We live in a culture where sex is not so much an act as a thing: a substance that can be given, bought, sold, or stolen, that has a value and a supply-and-demand curve. In this “commodity model,” sex is like a ticket; women have it and men try to get it. Women may give it away or may trade it for something valuable, but either way it’s a transaction. This puts women in the position of not only seller, but also guardian or gatekeeper … To that way of thinking, sex can only ever be transacted, and the transaction that is the most advantageous ins the one that uses the highly valuable early product to maximum advantage, to secure the best possible marriage.

The better model for sex is the one that fits the musician: a performance model, where sex is a performance, and partnered sex is a collaboration. Music is an obvious metaphor. (There are others: dance, which is also frequently a two-partner but sometimes a multipartner activity; or sport, which imports a problematic competitive aspect.)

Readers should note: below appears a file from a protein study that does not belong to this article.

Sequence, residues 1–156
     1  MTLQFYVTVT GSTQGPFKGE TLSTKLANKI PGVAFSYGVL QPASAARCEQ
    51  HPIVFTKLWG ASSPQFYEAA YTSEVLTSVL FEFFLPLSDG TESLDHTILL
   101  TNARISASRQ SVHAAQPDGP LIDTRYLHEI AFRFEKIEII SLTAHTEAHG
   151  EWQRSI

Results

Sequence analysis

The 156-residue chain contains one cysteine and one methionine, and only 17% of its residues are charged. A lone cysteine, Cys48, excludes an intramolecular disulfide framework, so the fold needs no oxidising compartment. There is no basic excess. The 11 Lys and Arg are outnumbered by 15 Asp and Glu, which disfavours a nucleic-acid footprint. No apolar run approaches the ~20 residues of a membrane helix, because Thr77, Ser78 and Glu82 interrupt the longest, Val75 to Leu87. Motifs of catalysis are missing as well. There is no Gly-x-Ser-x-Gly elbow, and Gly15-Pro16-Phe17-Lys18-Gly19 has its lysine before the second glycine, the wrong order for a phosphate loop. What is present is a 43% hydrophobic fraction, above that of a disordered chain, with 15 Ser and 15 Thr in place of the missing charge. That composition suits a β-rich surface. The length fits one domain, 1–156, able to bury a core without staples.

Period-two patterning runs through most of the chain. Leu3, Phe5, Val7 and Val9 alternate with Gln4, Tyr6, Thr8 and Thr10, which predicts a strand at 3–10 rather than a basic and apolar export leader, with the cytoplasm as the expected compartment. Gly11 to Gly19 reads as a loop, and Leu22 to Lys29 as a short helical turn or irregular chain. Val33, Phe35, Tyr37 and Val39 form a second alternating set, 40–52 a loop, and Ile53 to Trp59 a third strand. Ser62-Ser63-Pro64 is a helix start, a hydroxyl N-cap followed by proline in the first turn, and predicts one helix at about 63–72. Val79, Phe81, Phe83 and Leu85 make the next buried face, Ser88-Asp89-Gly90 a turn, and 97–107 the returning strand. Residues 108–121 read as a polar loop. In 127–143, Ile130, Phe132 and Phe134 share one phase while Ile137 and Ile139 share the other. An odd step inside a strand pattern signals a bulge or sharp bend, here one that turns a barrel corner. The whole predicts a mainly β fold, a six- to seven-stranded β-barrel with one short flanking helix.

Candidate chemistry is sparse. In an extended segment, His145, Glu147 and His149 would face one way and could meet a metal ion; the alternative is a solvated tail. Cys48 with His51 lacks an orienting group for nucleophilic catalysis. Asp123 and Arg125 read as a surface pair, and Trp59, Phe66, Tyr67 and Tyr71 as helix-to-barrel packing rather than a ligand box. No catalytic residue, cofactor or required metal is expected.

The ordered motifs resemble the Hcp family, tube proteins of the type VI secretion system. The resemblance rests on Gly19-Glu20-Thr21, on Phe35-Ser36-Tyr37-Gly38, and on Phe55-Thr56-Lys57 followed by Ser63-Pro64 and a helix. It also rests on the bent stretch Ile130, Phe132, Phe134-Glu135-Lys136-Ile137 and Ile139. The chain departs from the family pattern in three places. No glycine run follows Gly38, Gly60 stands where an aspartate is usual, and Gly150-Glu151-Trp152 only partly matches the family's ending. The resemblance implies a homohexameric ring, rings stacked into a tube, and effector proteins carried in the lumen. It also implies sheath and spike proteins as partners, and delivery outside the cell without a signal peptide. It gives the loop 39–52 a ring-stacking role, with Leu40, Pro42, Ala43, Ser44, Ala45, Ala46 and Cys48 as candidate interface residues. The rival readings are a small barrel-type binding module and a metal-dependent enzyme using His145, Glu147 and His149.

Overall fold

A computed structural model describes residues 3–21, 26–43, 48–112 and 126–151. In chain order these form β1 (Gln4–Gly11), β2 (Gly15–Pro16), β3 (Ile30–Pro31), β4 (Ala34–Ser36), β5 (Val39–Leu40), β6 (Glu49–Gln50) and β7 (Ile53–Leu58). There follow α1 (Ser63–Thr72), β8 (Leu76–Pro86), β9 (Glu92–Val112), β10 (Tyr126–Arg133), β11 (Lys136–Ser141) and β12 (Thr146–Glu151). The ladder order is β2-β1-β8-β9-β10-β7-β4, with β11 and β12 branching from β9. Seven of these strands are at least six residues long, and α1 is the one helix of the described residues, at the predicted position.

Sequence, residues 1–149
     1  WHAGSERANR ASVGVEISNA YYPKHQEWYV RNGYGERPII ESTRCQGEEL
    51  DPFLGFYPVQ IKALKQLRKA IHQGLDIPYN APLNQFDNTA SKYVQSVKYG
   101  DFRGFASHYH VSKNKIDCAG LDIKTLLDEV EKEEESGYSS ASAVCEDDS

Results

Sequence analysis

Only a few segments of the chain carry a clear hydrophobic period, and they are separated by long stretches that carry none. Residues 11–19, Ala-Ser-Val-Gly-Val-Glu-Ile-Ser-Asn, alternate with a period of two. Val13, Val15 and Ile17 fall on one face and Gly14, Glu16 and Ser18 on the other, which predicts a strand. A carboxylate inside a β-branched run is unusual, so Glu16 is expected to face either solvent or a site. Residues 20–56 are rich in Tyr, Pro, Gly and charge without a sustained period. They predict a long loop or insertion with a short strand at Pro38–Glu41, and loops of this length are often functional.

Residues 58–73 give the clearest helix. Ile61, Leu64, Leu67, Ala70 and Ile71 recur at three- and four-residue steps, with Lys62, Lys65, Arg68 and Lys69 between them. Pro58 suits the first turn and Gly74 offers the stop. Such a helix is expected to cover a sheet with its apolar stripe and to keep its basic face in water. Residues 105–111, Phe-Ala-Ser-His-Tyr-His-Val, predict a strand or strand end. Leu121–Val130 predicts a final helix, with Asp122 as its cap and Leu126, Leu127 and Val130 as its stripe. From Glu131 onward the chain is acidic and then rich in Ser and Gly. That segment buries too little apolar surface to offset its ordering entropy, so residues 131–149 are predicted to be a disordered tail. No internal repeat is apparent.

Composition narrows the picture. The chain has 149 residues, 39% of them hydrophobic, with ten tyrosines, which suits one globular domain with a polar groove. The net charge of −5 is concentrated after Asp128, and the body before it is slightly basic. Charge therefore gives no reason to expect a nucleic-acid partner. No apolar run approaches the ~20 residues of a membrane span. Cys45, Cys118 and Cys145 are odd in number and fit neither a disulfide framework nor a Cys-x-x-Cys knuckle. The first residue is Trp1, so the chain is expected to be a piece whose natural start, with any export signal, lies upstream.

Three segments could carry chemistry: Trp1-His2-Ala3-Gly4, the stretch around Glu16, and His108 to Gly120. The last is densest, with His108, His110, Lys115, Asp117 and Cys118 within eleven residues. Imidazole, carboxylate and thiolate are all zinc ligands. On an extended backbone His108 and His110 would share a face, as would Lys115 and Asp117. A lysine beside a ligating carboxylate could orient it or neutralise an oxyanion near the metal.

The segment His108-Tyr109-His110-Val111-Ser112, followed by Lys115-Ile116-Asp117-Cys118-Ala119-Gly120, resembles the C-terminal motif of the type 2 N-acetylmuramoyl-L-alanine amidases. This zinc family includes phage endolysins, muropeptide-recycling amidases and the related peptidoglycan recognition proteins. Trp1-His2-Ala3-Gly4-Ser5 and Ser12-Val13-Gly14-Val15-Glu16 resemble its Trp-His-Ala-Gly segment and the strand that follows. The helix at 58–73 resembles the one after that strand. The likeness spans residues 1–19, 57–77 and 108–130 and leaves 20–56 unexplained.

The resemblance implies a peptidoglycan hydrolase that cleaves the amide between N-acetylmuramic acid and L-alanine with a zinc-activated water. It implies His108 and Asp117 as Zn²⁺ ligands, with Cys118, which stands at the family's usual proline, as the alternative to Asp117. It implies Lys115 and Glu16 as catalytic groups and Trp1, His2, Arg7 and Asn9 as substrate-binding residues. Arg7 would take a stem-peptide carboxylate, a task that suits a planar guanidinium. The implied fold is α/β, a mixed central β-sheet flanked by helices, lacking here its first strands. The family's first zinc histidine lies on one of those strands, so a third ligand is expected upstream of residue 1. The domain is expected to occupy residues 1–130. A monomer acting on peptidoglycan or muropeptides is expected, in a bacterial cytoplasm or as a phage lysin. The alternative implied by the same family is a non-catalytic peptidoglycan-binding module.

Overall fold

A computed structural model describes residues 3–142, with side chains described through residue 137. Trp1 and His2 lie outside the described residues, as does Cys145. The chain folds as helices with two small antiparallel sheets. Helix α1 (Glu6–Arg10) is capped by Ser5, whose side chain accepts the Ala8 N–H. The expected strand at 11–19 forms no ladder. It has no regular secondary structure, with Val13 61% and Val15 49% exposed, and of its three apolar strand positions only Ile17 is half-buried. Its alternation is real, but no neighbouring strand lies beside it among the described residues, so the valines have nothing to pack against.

The performance model gives us room to expand comfortably beyond the hetero paradigm. This model encounters no conceptual problem when two men or two women or more than two people have sex. Their collaboration will produce a different performance because their histories and preferences differ, as do all people’s, and the result is influenced (not constrained) by the bodies people have. The performance model even has a better explanatory power than the commodity model in looking at a queer man and woman having sex. The commodity model does not differentiate this scenario from that of a hetero couple; the performance model predicts that this union will be different.

Thomas Macaulay Millar, “Toward a Performance Model of Sex” from Yes Means Yes! Ed. Jaclyn Friedman and Jessica Valenti